The Clone Wars Returns, Proving the Only Good Star Wars Is ‘Old’ Star Wars

Joshua M. Patton
6 min readJul 23, 2018

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via Lucasfilm

With no new movie to promote until the winter of 2019, Lucasfilm’s presence at San Diego Comic Con was limited to what was billed as a retrospective on the ten-year anniversary of The Clone Wars animated series. However, at the end of the event, Lucasfilm released a trailer announcing the return of the series for a 12-episode season. Since the release of The Last Jedi the Star Wars fandom has been a divided and, in some cases, toxic community. However this news seems to have united them once again, as no one appears disappointed with this move. It seems that the only good Star Wars is old Star Wars.

At the beginning of July, actor Ahmed Best revealed that the reaction to his character in 1999’s The Phantom Menace nearly pushed him to suicide. This film, the first Star Wars movie in more than 15 years, faced expectations from fans the press that no movie could ever meet. Rather than chasing this impossible goal, George Lucas leaned into the idea of doing something different. The backlash to this movie was immediate, fierce, and ongoing until well into the mid-2000s. The second film of the new trilogy is often considered “the worst” Star Wars film ever made. The third redeemed the prequel trilogy a little, but “fans” nonetheless trashed the movies relentlessly. So insane was this negative reaction that it even inspired a documentary called The People vs. George Lucas that unironically lionized the Star Wars universe while demonizing its creator for telling the stories his way.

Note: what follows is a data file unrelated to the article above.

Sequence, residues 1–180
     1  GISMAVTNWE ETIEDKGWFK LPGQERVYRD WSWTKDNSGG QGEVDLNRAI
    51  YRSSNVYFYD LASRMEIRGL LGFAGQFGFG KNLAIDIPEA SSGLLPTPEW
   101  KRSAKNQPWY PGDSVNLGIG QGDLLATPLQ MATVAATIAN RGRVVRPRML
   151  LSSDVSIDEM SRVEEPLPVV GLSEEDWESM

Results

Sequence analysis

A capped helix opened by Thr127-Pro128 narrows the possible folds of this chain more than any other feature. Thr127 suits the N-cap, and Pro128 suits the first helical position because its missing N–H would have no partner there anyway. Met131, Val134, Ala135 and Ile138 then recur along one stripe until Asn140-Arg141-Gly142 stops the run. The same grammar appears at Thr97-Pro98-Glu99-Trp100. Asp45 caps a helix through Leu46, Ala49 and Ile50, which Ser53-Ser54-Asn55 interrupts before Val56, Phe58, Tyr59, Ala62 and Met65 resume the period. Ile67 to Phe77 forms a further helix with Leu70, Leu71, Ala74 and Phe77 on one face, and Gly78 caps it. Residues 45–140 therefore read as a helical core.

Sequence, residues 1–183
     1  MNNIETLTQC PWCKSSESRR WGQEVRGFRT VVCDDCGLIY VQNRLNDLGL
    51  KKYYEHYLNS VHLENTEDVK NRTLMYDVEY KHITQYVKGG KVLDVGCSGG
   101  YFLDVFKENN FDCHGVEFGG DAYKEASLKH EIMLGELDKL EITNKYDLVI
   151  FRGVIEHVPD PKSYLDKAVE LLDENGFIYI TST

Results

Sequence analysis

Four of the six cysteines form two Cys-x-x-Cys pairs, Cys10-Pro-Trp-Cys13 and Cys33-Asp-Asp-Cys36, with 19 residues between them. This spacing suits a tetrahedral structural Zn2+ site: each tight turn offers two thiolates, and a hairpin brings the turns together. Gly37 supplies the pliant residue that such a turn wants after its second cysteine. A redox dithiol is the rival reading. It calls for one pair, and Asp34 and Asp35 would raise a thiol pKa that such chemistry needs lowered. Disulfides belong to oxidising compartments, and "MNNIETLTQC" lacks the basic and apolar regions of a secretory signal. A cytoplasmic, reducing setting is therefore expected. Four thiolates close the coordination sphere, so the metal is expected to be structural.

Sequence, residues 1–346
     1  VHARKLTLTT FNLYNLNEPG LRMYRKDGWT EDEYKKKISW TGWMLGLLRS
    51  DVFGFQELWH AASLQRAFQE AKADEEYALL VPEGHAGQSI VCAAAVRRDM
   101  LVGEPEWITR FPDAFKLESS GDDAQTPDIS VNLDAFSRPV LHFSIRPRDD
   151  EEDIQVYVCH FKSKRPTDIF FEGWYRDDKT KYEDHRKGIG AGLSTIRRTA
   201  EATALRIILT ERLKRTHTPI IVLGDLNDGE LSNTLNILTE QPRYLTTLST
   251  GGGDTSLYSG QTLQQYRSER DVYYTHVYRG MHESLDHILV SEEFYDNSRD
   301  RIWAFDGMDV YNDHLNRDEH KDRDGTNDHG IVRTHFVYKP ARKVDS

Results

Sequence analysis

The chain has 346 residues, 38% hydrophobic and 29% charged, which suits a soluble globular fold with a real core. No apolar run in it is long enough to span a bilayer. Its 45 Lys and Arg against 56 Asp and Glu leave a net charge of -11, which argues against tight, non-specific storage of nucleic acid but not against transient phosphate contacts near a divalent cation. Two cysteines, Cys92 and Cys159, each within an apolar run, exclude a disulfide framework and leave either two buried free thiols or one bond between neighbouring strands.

So, when The Clone Wars was announced it was met with skepticism from the fanbase. People wondered why Lucas would focus on the terrible prequel era rather than offering up an animated cartoon about the original trilogy characters everyone loves. Few know all the reasons why Lucas chose to do this show, perhaps only the man himself. But I like to think that part of it was that he felt the need to defend his films. Of course, if he went and meddled with them like he did the original trilogy, people would go apeshit. So, perhaps this show was his way to add the necessary context to those films so that audiences could understand them the way he did. Intentional or not, that’s precisely what this show did.